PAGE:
During CPET protocols, the resting physiological abnormalities of COPD patients become amplified. Intrinsic positive end-expiratory pressure (PEEP) leads to increased elastic loading and decreased dynamic lung compliance, while the resistive loading of the respiratory muscles increases111. As a result, CPET-integrated monitoring detects an increased efferent respiratory drive, an intense stimulation of central and peripheral chemoreceptors and an increased contractile respiratory muscle effort. IC and IRV decrease, and as TLC is approached, further tidal volume expansion is limited (Fig. 1). The generation of resting tidal volume requires an unequally intense respiratory effort, thus leading to respiratory discomfort. In the advanced stages of COPD, these phenomena become evident at a progressively lower exercise intensity and the exercise is terminated when the minimal possible IRV is reached, because a further increase in ventilation is impossible. Due to dynamic lung hyperinflation, the respiratory muscles fail to respond adequately to the continuously increasing central drive to breathe.
Lung hyperinflation and diminished resting IC in patients with COPD can be ameliorated by the use of both classes of inhaled bronchodilators, namely β2-agonists and muscarinic antagonists120,121. It has been shown that these agents increase resting IC by approximately 0.2–0.4 L or 10–15%121,122. Consequently, the available IRV is also increased and, thus, bronchodilators facilitate the necessary tidal volume expansion during exercise120,123. The expansion of tidal volume is achieved by less central neural drive and respiratory muscle effort. Thus, neuromechanical dissociation which leads to intolerable dyspnea is delayed and exercise capacity increases123. Noteworthily, previous studies have reported that bronchodilator therapy increases the cycle exercise endurance time by 20% in COPD patients120,121,124,125.
The administration of supplemental oxygen has been shown to improve dyspnea and exercise tolerance by decreasing central respiratory drive in selected COPD patients126. This intervention is associated with reduced respiratory rate (and increased expiratory time) and usually delayed dynamic hyperinflation127,128. Supplemental oxygen may also delay ventilatory stimulation due to metabolic acidosis, by facilitating oxygen delivery and utilization at peripheral tissues129,130. Similar beneficial effects have been reported with opioid therapy in selected COPD patients131,132. However, according to a meta-analysis on the efficacy of low-dose opiates in COPD patients, exercise capacity was not improved, even though dyspnea was reduced133. Anxiolytic agents may be considered in predominantly anxious patients in an attempt to ameliorate dyspnea during pulmonary rehabilitation134. In this way, the increased central neural drive and the related neuromechanical dissociation may be delayed, slowing down the onset of intolerable dyspnea135.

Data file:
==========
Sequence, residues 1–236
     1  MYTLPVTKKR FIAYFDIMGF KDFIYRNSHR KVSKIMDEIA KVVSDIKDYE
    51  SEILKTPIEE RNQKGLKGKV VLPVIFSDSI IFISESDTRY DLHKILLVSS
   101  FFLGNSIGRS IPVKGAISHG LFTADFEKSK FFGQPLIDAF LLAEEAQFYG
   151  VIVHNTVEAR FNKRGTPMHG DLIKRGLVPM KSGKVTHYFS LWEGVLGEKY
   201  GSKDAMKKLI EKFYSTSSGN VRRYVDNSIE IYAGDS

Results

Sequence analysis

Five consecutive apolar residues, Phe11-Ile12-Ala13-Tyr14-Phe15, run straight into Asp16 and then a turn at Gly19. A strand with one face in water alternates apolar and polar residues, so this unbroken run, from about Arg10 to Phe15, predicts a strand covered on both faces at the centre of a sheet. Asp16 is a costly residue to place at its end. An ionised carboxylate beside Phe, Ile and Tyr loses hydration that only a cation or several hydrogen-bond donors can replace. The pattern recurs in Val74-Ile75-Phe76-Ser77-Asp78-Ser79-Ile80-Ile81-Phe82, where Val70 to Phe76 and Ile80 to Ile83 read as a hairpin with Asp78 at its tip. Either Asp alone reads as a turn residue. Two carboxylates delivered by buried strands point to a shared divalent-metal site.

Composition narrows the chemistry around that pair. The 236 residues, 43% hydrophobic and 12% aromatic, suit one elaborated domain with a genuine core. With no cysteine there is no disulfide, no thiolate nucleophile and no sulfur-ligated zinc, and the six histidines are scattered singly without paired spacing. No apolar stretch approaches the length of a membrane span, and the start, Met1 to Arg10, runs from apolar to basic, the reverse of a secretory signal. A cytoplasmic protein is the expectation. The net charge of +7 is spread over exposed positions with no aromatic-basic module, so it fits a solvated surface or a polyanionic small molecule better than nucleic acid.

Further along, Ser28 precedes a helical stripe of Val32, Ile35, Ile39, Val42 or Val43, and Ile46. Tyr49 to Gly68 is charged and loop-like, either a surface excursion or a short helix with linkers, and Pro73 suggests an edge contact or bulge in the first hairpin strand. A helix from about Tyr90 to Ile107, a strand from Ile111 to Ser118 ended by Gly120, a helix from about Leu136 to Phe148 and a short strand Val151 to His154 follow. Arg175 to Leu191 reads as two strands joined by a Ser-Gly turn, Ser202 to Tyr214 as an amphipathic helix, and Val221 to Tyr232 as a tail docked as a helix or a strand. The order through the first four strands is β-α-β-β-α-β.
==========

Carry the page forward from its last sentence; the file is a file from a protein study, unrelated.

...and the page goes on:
In patients with COPD, malnutrition and sarcopenia are often present and correlate with the severity of airway obstruction136. The final result, previously termed “pulmonary cachexia syndrome”, is associated with sedentary lifestyle and an accelerated decline in functional status137. Therefore, patients should be screened for the presence of pulmonary malnutrition during routine visits. Malnutrition can be diagnosed based on the presence of a body mass index (BMI) of less than 18.5 kg/m2 or based on weight loss (more than 10% irrespective of time or more than 5% over the last 3 months) combined with a reduced BMI (less than 20 kg/m2 or less than 22 kg/m2 if 70 years old or older) or a reduced gender-dependent Fat Free Mass Index (FFMI less than 15 or 17 kg/m2 in women and men, respectively)138.
Sarcopenia forms a part of the cachexia syndrome. Its diagnosis requires the presence of low muscle mass (Appendicular Lean Mass of less than 7.23 for men and less than 5.67 kg/m2 for women) in combination with low muscle strength (handgrip strength of less than 30 kg for men or less than 20 kg for women) or low physical performance (gait speed less than 0.8 m/s)138. It is important to emphasize that it can occur without concomitant weight loss if fat mass is preserved as the proportion of lean body mass decreases. Reduced muscle mass indices are indicative of the combined effects of muscle deconditioning, poor nutrition and inflammation, associated with the progression of COPD and its comorbidities139. Thus, it is not surprising that a decreased FFMI is a stronger predictor of COPD-related physical disability and mortality than low BMI alone140.